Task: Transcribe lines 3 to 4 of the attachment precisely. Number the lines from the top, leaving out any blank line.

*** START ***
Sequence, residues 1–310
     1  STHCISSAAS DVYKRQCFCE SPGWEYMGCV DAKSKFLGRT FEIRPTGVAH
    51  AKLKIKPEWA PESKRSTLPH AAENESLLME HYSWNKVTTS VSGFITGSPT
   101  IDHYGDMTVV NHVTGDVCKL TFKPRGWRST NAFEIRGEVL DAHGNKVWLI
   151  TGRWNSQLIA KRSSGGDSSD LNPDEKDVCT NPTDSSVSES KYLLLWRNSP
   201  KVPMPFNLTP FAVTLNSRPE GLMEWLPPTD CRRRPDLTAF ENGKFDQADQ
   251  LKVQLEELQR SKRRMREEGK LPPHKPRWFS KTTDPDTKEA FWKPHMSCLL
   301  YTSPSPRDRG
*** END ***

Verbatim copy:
    51  AKLKIKPEWA PESKRSTLPH AAENESLLME HYSWNKVTTS VSGFITGSPT
   101  IDHYGDMTVV NHVTGDVCKL TFKPRGWRST NAFEIRGEVL DAHGNKVWLI